Stalemate in game of cards
TRI-NATIONS MATCH REPORT: Australian and Argentina played to their second consecutive draw of the competition in a very wet Parramatta on Saturday.
Reece Hodge had a chance to win it for the Wallabies with two minutes remaining, but he pushed his attempt past the right upright – leaving the teams tied at 16 points all.
It followed their 15-all draw in Newcastle a fortnight ago.
The game produced four cards – three yellow (two to Los Pumas and one to the Wallabies) and a red to the hosts.
Given the atrocious conditions, it was always going to the boot that ruled – the teams scoring a try, a conversion and three penalties each.
* As it happened. To recap all the drama, CLICK HERE!
The Wallabies’ year that started so promisingly has ended with another deflating draw with Argentina.
Hodge also had the chance to boot Australia to victory with three minutes to go in their 15-all draw with the Pumas two weeks ago in Newcastle.
The luckless star also struck the uprights with an after-the-siren shot in the Wallabies’ season-opening 16-all stalemate with the All Blacks in Wellington in October.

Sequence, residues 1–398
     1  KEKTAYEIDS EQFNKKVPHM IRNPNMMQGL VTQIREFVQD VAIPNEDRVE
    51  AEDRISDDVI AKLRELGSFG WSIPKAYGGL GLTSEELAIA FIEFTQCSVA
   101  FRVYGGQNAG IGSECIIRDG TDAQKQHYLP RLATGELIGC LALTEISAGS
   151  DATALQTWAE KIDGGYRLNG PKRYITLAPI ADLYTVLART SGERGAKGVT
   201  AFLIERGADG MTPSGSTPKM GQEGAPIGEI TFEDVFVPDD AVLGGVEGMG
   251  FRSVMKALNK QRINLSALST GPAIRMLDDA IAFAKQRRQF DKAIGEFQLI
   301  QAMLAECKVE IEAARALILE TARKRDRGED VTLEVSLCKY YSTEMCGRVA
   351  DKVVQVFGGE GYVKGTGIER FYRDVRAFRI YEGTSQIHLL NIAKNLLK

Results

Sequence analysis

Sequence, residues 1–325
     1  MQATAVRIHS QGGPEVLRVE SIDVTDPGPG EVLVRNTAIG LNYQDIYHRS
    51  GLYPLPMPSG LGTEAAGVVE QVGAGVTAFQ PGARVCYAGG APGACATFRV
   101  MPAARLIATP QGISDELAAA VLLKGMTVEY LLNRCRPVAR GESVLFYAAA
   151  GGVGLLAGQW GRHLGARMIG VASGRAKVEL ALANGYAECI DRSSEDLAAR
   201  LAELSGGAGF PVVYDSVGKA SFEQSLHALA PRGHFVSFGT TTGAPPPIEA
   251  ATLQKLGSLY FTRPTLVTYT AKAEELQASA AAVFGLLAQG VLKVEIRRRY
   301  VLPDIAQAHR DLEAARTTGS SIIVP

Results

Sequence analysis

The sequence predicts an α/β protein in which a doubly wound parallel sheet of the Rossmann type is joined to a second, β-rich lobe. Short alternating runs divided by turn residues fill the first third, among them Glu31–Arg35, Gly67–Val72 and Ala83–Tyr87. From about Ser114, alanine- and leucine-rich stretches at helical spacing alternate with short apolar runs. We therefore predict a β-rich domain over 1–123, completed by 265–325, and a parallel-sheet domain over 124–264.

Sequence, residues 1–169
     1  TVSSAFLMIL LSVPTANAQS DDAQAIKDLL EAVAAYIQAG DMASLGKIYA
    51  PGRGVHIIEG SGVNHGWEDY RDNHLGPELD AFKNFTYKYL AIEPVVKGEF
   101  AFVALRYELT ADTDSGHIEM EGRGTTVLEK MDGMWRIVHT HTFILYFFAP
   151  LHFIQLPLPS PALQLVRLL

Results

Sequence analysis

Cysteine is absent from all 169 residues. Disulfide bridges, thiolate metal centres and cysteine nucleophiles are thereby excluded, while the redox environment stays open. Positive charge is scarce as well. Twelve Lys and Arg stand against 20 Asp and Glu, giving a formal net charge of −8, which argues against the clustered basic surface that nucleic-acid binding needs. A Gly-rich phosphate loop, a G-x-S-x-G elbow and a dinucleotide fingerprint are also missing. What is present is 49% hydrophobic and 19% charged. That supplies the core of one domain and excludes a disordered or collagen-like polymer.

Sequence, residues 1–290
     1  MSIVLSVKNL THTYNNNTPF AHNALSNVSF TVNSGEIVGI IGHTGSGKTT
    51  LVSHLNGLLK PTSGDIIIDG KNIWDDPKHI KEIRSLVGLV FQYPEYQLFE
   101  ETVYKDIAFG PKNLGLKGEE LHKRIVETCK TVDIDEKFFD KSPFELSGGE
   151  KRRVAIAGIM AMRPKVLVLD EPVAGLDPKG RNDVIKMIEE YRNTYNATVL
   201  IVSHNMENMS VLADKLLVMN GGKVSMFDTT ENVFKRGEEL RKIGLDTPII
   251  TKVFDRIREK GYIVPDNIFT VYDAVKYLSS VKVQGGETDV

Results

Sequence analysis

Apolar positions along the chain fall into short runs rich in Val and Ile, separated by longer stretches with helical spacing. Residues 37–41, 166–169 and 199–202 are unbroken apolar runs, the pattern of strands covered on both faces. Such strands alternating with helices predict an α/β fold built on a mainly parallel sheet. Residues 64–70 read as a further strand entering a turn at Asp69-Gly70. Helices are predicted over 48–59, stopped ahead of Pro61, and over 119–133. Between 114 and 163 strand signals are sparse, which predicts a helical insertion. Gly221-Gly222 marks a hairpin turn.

He could only hang his head in despair after his latest miss in driving rain.
Truth be known, though, it could have been much worse for the Wallabies had Hodge not slotted three earlier penalty goals plus a pressure conversion from out wide 12 minutes from full-time to tie the scores up.
The Pumas, roundly written off after last week’s 38-0 drubbing at the hands of New Zealand and then having inspirational skipper Pablo Matera and two teammates stood down for disciplinary reasons, looked like keeping the Wallabies try-less for the second game running.
But the draw still consigned Australia to the tournament’s wooden spoon and an unflattering one-from-six winning record in 2020 under new coach Dave Rennie.
One coach left smiling was former Wallabies mentor Michael Cheika, working as an assistant for the Pumas.
Rennie said pre-game he’d settle for the Wallabies winning ugly to finish the year off on a high.
Instead, the Wallabies almost lost in atrocious fashion, fumbling their way through most of the 80 minutes, half an hour of which they played a man down.
Captain Michael Hooper, in his last outing in Australia before taking a sabbatical in Japan, was yellow carded in the first half for a no-arms tackle before replacement forward Lukhan Salakaia-Loto was sent off for making dangerous contact to Santiago Grondona’s head on the hour-mark.
Salakaia-Loto was making his return from an ankle injury that ruled him out of Australia’s last two games, but lasted just nine minutes before receiving his red card for a tackle gone wrong on the Pumas flanker.
The Wallabies looked down and out when they lost Salakaia-Loto.
But Hooper and Hodge restored hope with a try to the skipper in the 67th minute as the Wallabies ultimately battled back from a 10-point first-half deficit to salvage a draw.